Upstream Companies Shift Focus from ‘Survive’ to ‘Thrive’

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.Slash $910bn global capital expenditure
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A new report by the global natural resources consultancy group, Wood Mackenzie has revealed that oil and gas companies are set to enter 2018 in their best shape since oil prices collapsed.

Wood Mackenzie’s separate study, Global Costs Survey, has also shown that operators have cut investment, deferred projects and implemented tough cost discipline, slashing $910 billion from global capital expenditure forecasts for 2015-2020
In its 2018 Upstream Outlook released at the weekend, Wood Mackenzie believes many companies will now focus on demonstrating they can thrive in a low price environment.

Wood Mackenzie’s Senior Vice President, Tom Ellacott, said the companies would deliver profitable growth in 2018.
“Now that the belt-tightening is done, companies are looking to deliver profitable growth and build for the future. We also expect to see signs that the investment cycle is starting to turn and the sector has reset itself to operate at lower commodity prices,” Ellacot said.

On his part, the Upstream Research Director, Angus Rodger added that the downturn meant that close to $1 trillion was taken out of company spending from 2015 to 2020.
“But we believe the big cuts are over. Wood Mackenzie expects global capital expenditure to grow slightly in 2018 to a total of $400 billion,” Rodger added.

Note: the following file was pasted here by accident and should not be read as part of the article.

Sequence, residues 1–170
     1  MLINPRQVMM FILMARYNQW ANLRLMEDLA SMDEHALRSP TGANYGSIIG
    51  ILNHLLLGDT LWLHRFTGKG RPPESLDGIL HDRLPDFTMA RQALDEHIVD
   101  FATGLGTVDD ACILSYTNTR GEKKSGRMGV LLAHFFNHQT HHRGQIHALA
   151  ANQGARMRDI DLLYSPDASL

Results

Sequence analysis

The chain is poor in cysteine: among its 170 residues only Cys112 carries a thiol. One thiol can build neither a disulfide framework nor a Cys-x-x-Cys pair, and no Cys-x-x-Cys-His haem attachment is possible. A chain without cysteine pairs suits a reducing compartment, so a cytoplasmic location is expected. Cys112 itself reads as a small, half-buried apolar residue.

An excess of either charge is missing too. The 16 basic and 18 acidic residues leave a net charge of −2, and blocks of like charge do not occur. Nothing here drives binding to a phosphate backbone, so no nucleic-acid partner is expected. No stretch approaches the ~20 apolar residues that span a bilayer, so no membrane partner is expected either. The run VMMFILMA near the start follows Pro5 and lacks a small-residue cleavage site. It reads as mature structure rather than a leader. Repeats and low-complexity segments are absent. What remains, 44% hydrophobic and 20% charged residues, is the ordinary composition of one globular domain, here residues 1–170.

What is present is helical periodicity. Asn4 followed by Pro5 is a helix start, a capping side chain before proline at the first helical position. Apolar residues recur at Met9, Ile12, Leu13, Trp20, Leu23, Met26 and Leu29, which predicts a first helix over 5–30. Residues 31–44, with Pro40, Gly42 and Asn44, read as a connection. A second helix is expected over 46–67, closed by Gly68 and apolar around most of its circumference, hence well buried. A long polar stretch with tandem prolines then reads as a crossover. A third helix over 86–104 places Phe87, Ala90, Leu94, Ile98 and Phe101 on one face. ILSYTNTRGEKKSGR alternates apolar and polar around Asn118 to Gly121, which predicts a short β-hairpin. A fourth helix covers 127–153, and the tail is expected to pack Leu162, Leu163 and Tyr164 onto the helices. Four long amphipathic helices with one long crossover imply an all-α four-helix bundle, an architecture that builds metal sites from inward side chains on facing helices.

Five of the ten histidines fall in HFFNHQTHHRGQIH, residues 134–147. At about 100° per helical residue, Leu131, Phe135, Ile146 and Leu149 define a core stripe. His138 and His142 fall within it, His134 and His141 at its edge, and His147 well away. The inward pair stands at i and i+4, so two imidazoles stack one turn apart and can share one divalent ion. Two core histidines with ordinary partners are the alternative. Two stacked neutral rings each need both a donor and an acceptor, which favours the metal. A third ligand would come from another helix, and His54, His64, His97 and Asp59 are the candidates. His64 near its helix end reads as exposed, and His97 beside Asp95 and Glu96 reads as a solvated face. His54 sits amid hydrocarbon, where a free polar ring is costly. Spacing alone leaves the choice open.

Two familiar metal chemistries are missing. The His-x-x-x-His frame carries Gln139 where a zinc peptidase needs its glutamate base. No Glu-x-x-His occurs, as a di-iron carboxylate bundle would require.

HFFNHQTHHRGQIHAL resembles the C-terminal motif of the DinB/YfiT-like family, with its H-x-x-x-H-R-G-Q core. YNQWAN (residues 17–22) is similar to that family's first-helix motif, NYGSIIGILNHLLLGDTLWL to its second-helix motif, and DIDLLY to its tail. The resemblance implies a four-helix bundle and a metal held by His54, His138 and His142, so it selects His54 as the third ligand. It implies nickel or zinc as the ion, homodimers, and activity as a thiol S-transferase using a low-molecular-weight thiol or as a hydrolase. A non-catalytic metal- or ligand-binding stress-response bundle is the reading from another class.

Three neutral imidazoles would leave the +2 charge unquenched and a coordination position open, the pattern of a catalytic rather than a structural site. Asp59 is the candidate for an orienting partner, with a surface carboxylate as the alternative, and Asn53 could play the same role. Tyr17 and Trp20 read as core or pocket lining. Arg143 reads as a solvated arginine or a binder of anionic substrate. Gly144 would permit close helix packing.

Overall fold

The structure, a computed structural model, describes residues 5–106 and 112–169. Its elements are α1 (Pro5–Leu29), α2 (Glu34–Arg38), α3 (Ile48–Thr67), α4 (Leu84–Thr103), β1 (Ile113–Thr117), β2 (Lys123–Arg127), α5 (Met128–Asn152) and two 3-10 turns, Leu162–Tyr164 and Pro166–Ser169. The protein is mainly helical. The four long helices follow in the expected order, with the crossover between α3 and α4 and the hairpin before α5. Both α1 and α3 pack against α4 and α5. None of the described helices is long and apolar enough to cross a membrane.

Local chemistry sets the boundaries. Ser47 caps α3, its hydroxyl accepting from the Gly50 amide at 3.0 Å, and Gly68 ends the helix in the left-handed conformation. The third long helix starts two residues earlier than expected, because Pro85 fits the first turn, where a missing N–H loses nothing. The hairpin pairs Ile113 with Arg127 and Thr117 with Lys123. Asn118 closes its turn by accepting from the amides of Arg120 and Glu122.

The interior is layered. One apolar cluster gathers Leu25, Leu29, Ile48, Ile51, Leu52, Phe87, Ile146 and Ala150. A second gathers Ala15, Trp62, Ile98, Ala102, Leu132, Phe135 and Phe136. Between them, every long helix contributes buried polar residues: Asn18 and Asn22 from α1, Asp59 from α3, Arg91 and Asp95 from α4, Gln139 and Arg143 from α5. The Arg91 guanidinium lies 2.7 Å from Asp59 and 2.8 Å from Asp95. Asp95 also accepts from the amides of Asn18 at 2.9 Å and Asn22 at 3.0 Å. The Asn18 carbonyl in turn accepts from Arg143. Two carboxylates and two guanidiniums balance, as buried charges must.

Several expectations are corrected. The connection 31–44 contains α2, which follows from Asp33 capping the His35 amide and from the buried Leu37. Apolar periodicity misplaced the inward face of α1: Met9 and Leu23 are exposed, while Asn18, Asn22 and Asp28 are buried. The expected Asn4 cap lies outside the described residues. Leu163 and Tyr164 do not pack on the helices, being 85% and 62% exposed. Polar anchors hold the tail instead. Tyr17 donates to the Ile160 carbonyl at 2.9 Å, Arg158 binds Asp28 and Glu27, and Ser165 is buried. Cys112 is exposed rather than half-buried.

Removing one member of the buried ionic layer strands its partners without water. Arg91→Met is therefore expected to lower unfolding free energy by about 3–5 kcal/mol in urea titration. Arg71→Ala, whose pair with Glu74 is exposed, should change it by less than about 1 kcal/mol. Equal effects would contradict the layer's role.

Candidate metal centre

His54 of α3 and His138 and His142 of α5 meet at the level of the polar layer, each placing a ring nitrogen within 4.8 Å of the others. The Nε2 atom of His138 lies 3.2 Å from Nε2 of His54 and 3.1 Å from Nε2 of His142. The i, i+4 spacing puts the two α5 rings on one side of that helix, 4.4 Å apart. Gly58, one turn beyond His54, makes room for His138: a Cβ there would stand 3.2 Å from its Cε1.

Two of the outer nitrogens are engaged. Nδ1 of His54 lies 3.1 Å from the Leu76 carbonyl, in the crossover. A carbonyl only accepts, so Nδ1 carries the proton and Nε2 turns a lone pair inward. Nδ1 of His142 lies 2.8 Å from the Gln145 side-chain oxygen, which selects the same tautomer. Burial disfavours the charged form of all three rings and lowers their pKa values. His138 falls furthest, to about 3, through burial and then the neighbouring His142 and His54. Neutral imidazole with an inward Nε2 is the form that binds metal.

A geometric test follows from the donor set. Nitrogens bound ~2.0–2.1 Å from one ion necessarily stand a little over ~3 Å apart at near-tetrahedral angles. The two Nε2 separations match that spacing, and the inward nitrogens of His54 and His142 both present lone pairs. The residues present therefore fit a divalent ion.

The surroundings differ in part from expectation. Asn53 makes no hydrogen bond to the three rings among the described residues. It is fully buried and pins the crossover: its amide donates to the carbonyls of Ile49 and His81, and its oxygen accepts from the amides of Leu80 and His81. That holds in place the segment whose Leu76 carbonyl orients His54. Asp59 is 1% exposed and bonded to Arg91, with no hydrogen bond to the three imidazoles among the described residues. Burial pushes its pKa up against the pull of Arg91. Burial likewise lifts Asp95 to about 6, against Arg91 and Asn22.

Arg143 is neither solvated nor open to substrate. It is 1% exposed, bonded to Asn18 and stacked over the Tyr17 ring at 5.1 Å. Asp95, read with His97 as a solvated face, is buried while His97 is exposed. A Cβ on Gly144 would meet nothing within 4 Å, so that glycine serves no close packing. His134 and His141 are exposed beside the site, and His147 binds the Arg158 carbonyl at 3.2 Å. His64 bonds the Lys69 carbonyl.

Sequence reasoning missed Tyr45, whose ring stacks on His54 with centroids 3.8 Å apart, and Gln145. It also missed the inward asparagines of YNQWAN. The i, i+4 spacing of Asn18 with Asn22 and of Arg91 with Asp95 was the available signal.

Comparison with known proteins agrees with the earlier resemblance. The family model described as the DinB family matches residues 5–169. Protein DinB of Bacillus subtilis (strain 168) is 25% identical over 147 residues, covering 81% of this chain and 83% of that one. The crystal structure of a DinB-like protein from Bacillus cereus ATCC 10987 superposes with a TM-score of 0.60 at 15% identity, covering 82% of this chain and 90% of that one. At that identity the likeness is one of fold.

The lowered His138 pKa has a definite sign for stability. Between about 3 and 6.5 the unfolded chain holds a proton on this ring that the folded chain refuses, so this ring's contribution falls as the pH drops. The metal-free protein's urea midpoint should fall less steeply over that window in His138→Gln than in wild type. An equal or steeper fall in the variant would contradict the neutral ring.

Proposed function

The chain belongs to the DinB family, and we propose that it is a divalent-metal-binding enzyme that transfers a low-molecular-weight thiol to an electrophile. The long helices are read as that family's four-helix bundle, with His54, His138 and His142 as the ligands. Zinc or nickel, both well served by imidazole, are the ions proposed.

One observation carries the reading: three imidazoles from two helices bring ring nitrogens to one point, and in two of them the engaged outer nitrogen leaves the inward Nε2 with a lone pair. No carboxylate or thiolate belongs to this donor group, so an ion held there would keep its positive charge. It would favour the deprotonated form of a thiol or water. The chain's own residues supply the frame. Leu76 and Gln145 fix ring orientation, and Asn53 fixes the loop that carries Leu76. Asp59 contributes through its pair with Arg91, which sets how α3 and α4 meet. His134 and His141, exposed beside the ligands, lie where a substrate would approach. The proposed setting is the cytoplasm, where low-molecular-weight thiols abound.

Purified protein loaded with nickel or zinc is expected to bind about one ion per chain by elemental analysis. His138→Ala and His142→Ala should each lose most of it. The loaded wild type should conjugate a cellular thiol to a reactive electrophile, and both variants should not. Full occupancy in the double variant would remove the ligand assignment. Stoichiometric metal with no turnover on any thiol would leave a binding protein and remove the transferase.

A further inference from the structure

In our outlook, the report forecasts a third successive increase in project sanctions from the 2015 low, indicating that recovery is under way.
Wood Mackenzie said it expected the number of major project sanctions to increase from just over 20 in 2017 to 25 in 2018, as operators take advantage of what may represent their best chance to lock in rock-bottom costs.

“The rise in project sanctions will be a clear sign that new projects can work in a low-price environment. Oil and gas companies will continue to adapt portfolios to perform at high and low prices and also to provide a platform for longer-term energy transition,” Ellacott explained.

“Optimising the core business, controlling costs and employing digital technology like predictive analytics will all play a part. We expect companies to continue to develop high-value, low-cost oil. Building exposure to gas will also be a core strategic objective for most larger companies as they transition towards low-carbon portfolios,” Ellacott added.

According to the report, companies will need to find the right formula to win back investors after a year of poor stock market performance in 2017. The report added that the companies would need to demonstrate that free cash flow can grow in a low-price environment and fund higher shareholder distributions will be a core focus.

On its part, the Global Costs Survey also conducted by Wood Mackenzie revealed that operators are keeping close a close eye on cost inflation in 2018
According to the survey, the impact of the 2014 oil price collapse is still being felt across the upstream sector.
The reported added that the operators have cut investment, deferred projects and implemented tough cost discipline, slashing $910 billion from global capital expenditure forecasts for 2015-2020.

While many operators believe the cuts will stick, the survey indicates that the pictured is more nuanced.
The survey revealed that in Asia-Pacific, South America and parts of Sub-Saharan Africa, unit operating expenditure (Opex) is already starting to increase due to a lower cost base, local content requirements and the growing need for enhanced oil recovery in mature assets.
Globally, Wood Mackenzie expects operating costs to start increasing from 2018, but still be five – 10 per cent below 2014 levels in 2020.